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President Obama doesn’t think Americans should fret about the exploding national debt. As he told talk show host David Letterman recently, “We don’t have to worry about it short term. Right now interest rates are low because people still consider the United States the safest and greatest country on Earth, rightfully so. But it is a problem long term and even medium term.”
So, in Obama’s view, dealing with the debt is more of a tomorrow thing than a today thing. Or maybe even a day-after-tomorrow thing.
But every day that the debt grows, the burden on Americans grows, too. Servicing that debt will need to be met by either increasing taxes or decreasing spending.
So who exactly bears that burden. And how much does the burden weigh in dollars?
Well, according to the Congressional Budget Office, the latest White House budget would add $7.6 trillion of debt from 2012 to 2022. In a new paper, AEI’s Aspen Gorry and Matt Jensen looks at the real annual cost of servicing the debt for households at various levels of income — including a potentially higher tax burden.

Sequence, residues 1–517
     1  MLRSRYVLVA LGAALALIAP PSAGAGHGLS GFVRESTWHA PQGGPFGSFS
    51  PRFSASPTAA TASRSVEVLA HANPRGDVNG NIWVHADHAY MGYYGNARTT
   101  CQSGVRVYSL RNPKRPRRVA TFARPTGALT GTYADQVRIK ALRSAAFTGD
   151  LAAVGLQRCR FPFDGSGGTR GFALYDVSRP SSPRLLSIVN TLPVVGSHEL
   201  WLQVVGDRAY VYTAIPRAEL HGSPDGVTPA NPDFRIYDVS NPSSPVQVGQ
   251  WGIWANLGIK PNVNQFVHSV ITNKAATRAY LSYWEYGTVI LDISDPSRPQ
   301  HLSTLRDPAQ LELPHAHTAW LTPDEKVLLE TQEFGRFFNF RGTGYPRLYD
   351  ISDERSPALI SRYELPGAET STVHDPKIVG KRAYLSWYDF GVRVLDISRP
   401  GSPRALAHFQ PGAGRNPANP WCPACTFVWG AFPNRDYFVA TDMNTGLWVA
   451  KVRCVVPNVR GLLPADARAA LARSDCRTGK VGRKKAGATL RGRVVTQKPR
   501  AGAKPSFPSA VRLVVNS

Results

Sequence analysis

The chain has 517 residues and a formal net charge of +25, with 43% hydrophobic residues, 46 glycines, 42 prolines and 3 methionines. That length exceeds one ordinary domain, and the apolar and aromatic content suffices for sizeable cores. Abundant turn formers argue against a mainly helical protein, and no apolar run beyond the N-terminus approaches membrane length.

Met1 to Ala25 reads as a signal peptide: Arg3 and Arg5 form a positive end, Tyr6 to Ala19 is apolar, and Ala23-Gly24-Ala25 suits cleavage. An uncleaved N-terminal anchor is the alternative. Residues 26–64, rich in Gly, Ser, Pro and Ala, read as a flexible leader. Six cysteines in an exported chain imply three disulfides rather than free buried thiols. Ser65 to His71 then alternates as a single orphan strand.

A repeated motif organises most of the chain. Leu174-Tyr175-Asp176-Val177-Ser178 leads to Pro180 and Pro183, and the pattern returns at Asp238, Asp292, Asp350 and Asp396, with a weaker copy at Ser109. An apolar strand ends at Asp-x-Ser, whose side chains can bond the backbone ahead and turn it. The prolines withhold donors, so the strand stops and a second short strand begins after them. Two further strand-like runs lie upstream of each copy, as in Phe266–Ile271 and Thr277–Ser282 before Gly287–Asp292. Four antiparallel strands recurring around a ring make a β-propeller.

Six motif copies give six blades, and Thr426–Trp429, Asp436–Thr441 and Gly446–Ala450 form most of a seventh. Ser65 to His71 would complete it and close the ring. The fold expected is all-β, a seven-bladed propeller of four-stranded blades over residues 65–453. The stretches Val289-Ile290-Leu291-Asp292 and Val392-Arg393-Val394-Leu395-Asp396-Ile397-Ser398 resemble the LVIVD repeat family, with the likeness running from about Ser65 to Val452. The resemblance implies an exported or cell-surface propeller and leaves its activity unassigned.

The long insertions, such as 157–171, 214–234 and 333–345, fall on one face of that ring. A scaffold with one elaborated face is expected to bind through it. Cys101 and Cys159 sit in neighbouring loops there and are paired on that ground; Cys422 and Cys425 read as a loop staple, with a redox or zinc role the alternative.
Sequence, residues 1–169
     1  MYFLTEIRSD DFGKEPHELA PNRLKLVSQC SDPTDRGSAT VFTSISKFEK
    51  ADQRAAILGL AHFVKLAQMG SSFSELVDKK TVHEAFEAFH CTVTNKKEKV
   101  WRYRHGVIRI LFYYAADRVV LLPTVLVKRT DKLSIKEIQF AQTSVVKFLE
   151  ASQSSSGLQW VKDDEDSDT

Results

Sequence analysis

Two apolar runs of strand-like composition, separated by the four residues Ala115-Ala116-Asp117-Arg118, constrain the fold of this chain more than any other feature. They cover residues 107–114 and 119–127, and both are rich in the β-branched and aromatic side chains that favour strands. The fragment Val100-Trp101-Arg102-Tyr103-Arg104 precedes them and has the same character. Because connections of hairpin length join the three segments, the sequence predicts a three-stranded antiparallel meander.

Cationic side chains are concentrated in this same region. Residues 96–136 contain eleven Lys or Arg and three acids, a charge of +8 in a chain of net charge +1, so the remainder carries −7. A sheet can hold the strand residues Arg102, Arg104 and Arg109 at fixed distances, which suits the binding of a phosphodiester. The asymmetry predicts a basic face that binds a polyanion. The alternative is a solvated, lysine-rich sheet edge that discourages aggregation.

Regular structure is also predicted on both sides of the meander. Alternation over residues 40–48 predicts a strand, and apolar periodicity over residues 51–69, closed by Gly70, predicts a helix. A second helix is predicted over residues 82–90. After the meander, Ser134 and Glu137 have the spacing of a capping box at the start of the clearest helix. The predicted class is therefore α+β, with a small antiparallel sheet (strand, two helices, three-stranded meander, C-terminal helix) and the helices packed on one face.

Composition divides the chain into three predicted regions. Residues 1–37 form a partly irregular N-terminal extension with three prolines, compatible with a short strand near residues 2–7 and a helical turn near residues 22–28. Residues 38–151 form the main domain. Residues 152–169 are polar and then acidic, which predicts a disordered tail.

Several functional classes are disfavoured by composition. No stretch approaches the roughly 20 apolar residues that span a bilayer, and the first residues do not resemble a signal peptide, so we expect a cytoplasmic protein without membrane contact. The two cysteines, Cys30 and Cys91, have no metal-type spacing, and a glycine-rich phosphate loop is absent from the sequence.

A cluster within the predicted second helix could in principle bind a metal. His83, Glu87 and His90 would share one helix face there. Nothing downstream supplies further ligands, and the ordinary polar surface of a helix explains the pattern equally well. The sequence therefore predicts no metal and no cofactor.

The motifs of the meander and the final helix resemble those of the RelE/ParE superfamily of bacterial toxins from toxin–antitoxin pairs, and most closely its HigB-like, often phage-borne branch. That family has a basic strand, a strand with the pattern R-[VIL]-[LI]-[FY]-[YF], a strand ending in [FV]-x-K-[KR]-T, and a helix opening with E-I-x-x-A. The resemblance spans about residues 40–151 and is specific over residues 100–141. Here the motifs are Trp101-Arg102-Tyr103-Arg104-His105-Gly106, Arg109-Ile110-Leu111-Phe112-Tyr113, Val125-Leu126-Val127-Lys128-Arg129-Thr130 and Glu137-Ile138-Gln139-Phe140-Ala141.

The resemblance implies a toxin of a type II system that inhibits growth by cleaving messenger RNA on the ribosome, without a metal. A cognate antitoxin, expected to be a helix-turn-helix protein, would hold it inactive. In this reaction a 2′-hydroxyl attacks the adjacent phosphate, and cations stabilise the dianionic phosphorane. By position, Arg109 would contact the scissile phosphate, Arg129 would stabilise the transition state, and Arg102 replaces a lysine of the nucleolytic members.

As the table below illustrates, a household making between $100,000 and $200,000 a year could find its tax liability higher by roughly $2,400 every year. Over ten years, that works out to $24,000.
And when you add in the debt already accrued the past four years under President Obama (the second table), that’s another $1,600 a year. So now we are now talking about $4,000 a year, $40,000 over ten years.
A couple of caveats: To compute these annual costs, Gorry and Jensen use the long-run average effective real interest rate on U.S. debt from the Congressional Budget Office. According to the CBO, the average effective real interest rate on U.S. debt will be 2.7% in 2025 and then remain at approximately the same level until their projections end in 2087. Of course, as real income grows over time,a fixed cost of debt service becomes less burdensome. Second, it should be noted that interest rates are currently much lower in the U.S. Using the long run average instead of current implies that the numbers should be interpreted as a long run expected cost of servicing the debt.
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